We’re Fans of Fandor: New Streaming Platform Supports Creative Communities
Streaming content services like Netflix, Hulu, HBOGo, and AmazonInstant have made the impossible plausible: we can now stream movies on our phones, iPads, and portable gaming devices in the most unlikely of places. Whether it’s watching The Wizard of Oz in the backseat of a taxi or Avatar on a leisurely gondola ride through the idyllic Venice canals—so long as you have a working Internet connection, the limitations of where, when, and how you view a movie is definitely a woe of the past.
So leave it to Fandor—one of the newest streaming services on the block—to sweeten the deal by paying filmmakers directly from every subscription dollar earned. And we’re not talking chump change: Fandor pays half of their subscription earnings forward to the brilliant hearts and minds behind the very films it streams.
While Netflix boasts a bevy of popular films, Hulu bears streaming network television, and HBOGo issues its own premium cable series and movies on demand, Fandor has a decidedly ‘indie’ bent. The service offers titles like the timelessly-controversial The Birth of a Nation to great documentaries like Who is Harry Neilson (And Why Is Everybody Talkin’ About Him?). Even Fandor’s masthead declares; “Most of our films fall outside mainstream channels and we love that, because there are plenty of places to watch those films online.”
Built by fans, for fans, Fandor takes a three-pronged approach to content streaming. The first? Organic exploration. For $10 a month, subscribers can peruse hundreds of films—some dating back to the 1890s spanning genres like “schlocky zombie musicals, forgotten noirs, chopsocky martial arts extravaganzas.” Next, members are encouraged to check out the ever-evolving in-house recommendations, and finally, to read Fandor’s movie lover’s blog, Keyframe for daily inspiration. From there, users can stream the movies they choose on their iPhone, iPad, or Roku device (users are also encouraged to suggest other compatible viewing devices).
"It’s our goal to help audiences find those film gems that they can’t find elsewhere; we’re all about curation and discovery," says Fandor founder Dan Aronson.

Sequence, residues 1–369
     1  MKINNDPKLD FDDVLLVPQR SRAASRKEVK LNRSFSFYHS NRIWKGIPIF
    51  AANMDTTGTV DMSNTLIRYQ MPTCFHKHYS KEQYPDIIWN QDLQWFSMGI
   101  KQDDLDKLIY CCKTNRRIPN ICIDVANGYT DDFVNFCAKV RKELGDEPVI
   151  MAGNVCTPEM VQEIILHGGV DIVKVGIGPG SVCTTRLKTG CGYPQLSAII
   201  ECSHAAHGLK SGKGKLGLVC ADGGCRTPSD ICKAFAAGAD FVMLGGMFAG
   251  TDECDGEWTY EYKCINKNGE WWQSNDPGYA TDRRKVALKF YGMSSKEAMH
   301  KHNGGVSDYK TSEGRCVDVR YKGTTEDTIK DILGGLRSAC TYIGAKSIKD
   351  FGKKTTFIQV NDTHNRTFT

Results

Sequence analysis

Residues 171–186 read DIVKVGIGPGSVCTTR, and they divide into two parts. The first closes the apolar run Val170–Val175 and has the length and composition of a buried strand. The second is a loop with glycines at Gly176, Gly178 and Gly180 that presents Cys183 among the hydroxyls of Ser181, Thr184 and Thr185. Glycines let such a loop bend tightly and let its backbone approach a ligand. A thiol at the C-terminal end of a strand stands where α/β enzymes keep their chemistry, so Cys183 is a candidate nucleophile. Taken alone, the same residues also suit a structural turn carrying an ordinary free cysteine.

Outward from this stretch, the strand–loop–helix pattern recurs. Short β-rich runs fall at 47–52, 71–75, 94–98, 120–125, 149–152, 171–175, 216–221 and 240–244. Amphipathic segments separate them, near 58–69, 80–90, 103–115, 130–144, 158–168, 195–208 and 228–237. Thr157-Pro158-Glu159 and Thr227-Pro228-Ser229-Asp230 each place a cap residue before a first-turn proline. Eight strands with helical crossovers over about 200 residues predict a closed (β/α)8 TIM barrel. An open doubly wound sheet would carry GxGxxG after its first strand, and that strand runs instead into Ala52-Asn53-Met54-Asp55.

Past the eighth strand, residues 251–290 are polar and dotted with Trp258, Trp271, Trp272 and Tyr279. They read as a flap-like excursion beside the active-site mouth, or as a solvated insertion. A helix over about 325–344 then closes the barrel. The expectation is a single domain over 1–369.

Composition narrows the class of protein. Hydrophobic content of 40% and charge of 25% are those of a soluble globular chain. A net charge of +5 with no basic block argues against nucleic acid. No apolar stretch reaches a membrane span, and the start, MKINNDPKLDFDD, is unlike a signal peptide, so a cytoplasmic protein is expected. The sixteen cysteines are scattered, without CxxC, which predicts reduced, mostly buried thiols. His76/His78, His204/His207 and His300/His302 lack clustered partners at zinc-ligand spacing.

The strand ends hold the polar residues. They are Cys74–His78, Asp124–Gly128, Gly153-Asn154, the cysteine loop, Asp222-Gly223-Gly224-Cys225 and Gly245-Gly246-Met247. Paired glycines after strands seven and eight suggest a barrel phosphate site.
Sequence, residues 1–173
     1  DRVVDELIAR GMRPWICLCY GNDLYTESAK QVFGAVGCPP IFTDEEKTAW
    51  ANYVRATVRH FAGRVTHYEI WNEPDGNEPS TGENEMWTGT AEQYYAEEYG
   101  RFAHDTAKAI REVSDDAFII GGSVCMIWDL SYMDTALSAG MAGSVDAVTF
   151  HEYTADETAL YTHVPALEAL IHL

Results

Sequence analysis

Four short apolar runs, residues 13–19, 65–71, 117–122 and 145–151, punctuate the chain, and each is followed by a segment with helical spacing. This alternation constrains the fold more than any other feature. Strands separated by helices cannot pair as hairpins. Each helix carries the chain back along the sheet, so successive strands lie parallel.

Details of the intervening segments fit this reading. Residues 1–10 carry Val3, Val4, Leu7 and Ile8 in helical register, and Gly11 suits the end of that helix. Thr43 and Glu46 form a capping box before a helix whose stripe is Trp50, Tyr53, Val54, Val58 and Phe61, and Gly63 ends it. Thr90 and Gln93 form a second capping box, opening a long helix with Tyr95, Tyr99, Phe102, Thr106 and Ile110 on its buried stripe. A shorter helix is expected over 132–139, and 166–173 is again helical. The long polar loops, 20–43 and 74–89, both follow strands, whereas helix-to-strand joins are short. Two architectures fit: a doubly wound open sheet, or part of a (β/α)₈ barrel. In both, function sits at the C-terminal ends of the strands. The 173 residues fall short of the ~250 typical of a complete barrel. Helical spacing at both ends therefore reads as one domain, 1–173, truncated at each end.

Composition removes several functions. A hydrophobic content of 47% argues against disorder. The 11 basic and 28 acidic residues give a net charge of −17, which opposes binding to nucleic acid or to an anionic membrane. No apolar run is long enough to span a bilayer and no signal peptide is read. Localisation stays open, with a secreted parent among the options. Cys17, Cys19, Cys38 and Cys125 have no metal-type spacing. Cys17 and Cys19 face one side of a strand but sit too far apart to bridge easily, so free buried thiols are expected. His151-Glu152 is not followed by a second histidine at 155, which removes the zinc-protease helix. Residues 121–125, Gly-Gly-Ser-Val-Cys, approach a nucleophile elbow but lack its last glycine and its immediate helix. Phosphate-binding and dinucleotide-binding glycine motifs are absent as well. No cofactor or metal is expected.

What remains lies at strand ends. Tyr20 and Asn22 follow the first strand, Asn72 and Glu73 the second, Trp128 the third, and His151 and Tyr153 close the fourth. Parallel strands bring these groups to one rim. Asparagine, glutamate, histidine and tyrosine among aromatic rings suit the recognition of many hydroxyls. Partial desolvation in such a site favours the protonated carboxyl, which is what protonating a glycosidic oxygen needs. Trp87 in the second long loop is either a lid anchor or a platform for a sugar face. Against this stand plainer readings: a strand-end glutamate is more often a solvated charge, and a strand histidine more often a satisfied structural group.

Fandor is one of many content-streaming services to launch in the past five years, proving that the medium has become as ubiquitous as cable. And as the sheer number of content-streaming platforms proliferate, so too will the niches they represent. An entirely non-objective survey of recent friends, for instance, evinced a smattering of streaming platform allegiances. An office colleague who lives for 30 Rock has a special affinity for Hulu, while an edgy friend who loves groundbreaking documentaries swears by SnagFilms. Finally, a third friend (who has an admittedly tough time in the decision-making department) loves his Roku device, which grants him access to several different streaming platforms in one place.
But convenience and choice aren’t the only assets streaming services bring to the table. They’ve also been steadfast in making sure they honor the films they stream, by respecting copyright licensing and delivering a safe and affordable way for film fans to watch the movies of their choice. For the consumers (read: fans), that means they can be sure the content they’re getting is without spamware or viruses—and, in Fandor’s case: that their money is going straight into the filmmaker’s pocket.
"Fandor aims to have an equal and open relationship with these filmmakers," Aronson says. We want to align our interests with filmmakers – we want them to succeed. Unlike many services, our payout is completely transparent. We pay filmmakers according to how many minutes of film is watched as well as the inclusion in our library. "
In the connected age, transparency reigns, and that means an increase in both attention and compensation for the many off-screen individuals who contribute to the making of a film. If you happened to have caught Taken 2 recently, you might have noticed a slate that appeared during the credits: “The making and legal distribution of this film supported over 16,000 jobs.” (h/t to our thoughtful Twitter follower, teamquentin, for bringing that to our attention).
This is all great news, not just for the filmmakers, but for the scores of fans who appreciate their work. As more services like Fandor seek to pay the film industry’s many creators and makers directly, fans can continue to reap the rewards of outstanding work by their favorite moviemakers, and find new favorites they never before knew existed.
"Every year, there are many wonderful films made around the world," Aronson says. "However, Hollywood budgets only allow for a handful of films to be distributed with extremely high traditional P&A marketing budgets. I saw a distribution & marketing gap…and the internet as a great solution to that problem. "
That, of course, means more Brian Eno: The Man Who Fell to Earth on the bus, Nosferatu on your iPad, and if you happen to be so lucky, A Town Called Panic at a cobble-stone nestled coffee shop on Paris’ Left Bank. And when all else fails? You can always watch Two in the Wave – the awesome documentary about Jean-Luc Godard and Francois Truffaut – from the more familiar territory of your own bed.